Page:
come in the way. 10

I. Petitioner maintains that his dismissal from employment was illegal because of want of just
cause therefor and non-observance of the requirements of due process. He also charges the
NLRC with grave abuse of discretion in relying upon the findings of the executive labor arbiter
who decided the case but did not conduct the hearings thereof.

Private respondent, in refutation, avers that there was abandonment by petitioner of his
functions as farm administrator, thereby arming private respondent with a ground to terminate
his employment at Hacienda Manucao. It is also contended that it is wrong for petitioner to
question the factual findings of the executive labor arbiter and the NLRC as only questions of
law may be appealed for resolution by this Court. Furthermore, in seeking the dismissal of the
instant petition, private respondent faults herein petitioner for failure to refer to the
corresponding pages of the transcripts of stenographic notes, erroneously citing Sections 15(d)
and 16(d), Rule 44 (should be Section 16[c] and [d],
Rule 46 and Section 1[g], Rule 50) of the Rules of Court, which provide that want of page
references to the records is a ground for dismissal of an appeal.

Prefatorily, we take advertence of the provisions of Article 221 of the Labor Code that technical
rules of evidence prevailing in courts of law and equity shall not be controlling, and that every
and all reasonable means to speedily and objectively ascertain the facts in each case shall be
availed of, without regard to technicalities of law or procedure in the interest of due process.

It is settled that it is not procedurally objectionable for the decision in a case to be rendered by a
judge, or a labor arbiter for that matter, other than the one who conducted the hearing. The fact
that the judge who heard the case was not the judge who penned the decision does not impair
the validity of the judgment, 11 provided that he draws up his decision and resolution with due
care and makes certain that they truly and accurately reflect conclusions and final dispositions
on the bases of the facts of and evidence submitted in the case. 12

Thus, the mere fact that the case was initially assigned to Labor Arbiter Ricardo T. Octavio, who
conducted the hearings therein from December 5, 1984 to July 11, 1985, and was later
transferred to Executive Labor Arbiter Oscar S. Uy, who eventually decided the case, presents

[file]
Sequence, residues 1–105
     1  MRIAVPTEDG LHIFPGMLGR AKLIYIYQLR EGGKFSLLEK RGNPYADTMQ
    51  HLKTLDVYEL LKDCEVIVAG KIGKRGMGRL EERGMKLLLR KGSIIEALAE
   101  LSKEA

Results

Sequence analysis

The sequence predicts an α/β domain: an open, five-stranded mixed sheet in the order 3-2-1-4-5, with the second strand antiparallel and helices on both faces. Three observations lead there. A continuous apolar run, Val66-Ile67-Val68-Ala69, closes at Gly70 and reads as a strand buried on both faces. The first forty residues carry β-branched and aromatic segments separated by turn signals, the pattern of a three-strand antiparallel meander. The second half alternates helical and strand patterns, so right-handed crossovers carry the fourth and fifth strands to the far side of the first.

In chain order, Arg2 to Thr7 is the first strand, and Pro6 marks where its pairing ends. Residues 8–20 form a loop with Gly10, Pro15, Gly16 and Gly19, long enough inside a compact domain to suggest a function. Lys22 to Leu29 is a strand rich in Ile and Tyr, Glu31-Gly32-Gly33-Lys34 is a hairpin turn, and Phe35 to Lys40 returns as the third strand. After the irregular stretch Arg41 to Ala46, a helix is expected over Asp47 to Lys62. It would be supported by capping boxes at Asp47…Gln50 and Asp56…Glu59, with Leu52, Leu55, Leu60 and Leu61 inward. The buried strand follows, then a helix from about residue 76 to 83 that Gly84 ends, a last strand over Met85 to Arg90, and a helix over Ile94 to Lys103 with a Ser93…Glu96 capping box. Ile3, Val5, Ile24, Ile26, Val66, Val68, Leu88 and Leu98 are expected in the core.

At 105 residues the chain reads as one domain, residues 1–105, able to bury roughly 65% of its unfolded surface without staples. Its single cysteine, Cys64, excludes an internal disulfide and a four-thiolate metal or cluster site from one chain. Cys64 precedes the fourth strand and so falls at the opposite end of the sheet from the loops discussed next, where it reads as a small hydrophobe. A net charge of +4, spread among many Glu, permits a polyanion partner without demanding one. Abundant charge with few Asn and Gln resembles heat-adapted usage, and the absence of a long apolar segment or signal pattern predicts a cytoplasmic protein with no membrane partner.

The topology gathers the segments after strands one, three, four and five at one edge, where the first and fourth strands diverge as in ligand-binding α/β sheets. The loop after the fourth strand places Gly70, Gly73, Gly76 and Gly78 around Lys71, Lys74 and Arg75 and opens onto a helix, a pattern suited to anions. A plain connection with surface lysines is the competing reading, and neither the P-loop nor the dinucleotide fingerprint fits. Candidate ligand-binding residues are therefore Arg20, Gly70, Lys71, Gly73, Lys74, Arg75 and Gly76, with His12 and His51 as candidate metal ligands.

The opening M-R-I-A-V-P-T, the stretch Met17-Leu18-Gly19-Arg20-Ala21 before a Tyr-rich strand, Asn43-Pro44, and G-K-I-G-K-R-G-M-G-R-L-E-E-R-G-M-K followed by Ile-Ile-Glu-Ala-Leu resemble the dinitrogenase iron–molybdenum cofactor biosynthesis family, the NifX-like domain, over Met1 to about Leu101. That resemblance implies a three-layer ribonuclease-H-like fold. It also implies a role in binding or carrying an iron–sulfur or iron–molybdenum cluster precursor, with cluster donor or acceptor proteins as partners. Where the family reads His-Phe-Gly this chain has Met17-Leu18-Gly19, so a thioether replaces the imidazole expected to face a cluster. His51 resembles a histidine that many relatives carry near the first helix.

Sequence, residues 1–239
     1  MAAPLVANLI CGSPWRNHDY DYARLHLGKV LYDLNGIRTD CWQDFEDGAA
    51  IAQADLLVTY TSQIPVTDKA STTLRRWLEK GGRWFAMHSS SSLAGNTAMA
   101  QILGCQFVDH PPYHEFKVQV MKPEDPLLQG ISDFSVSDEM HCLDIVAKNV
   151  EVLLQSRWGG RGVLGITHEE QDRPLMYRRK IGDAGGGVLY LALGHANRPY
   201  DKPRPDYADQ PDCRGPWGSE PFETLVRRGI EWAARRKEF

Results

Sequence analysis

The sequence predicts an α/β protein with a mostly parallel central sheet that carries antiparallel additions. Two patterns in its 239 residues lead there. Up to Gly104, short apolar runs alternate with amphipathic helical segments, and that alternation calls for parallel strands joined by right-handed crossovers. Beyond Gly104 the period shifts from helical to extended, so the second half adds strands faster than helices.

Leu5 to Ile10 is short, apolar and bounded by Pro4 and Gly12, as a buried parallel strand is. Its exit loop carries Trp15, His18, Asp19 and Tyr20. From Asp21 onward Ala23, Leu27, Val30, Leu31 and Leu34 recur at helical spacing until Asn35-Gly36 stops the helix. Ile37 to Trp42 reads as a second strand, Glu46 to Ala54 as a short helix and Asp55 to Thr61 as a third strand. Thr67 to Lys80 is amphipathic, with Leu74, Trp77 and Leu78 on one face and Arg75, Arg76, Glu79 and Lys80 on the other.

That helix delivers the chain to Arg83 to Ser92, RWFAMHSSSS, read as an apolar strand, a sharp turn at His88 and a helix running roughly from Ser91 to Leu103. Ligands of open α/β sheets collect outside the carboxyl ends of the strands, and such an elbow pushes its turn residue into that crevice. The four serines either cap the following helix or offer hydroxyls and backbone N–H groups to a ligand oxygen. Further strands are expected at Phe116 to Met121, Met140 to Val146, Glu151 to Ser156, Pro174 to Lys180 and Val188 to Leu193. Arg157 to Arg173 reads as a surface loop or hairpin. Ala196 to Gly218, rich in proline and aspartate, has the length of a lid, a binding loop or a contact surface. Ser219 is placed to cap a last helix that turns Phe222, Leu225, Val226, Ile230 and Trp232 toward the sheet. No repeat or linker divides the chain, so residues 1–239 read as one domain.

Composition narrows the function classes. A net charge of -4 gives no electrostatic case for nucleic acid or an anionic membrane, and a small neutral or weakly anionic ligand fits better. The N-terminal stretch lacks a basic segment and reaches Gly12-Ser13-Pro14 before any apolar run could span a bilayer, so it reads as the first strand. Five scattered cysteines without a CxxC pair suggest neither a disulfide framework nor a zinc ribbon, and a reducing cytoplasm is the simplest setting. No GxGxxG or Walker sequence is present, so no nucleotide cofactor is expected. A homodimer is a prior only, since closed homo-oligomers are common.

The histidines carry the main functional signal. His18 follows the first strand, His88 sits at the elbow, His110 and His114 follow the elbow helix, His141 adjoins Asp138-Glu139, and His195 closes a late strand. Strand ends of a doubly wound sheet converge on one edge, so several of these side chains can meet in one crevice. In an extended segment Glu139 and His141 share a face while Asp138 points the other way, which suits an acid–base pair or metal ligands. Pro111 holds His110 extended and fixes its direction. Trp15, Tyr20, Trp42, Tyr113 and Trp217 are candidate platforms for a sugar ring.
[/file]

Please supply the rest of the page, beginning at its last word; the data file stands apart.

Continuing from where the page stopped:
no procedural infirmity, especially considering that there is a presumption of regularity in the
performance of a public officer's functions, 13 which petitioner has not successfully rebutted.

We are constrained to heed the underlying policy in the Labor Code relaxing the application of
technical rules of procedure in labor cases in the interest of due process, ever mindful of the
long-standing legal precept that rules of procedure must be interpreted to help secure, not
defeat, justice. For this reason, we cannot indulge private respondent in his tendency to nitpick
on trivial technicalities to boost his arguments. The strength of one's position cannot be hinged
on mere procedural niceties but on solid bases in law and jurisprudence.

The fundamental guarantees of security of tenure and due process dictate that no worker shall
be dismissed except for just and authorized cause provided by law and after due
process. 14 Article 282 of the Labor Code enumerates the causes for which an employer may
validly terminate an employment, to wit:
(a) serious misconduct or willful disobedience by the employee of the lawful orders of his
employer or representative in connection with his work; (b) gross and habitual neglect by the
employee of his duties; (c) fraud or willful breach by the employee of the trust reposed in him by
his employer or duly authorized representative; (d) commission of a crime or offense by the
employee against the person of his employer or any immediate member of his family or his duly
authorized representative; and (e) other causes analogous to the foregoing.

The employer may also terminate the services of any employee due to the installation of labor
saving devices, redundancy, retrenchment to prevent losses or the closing or cessation of
operation of the establishment or undertaking, unless the closing is for the purpose of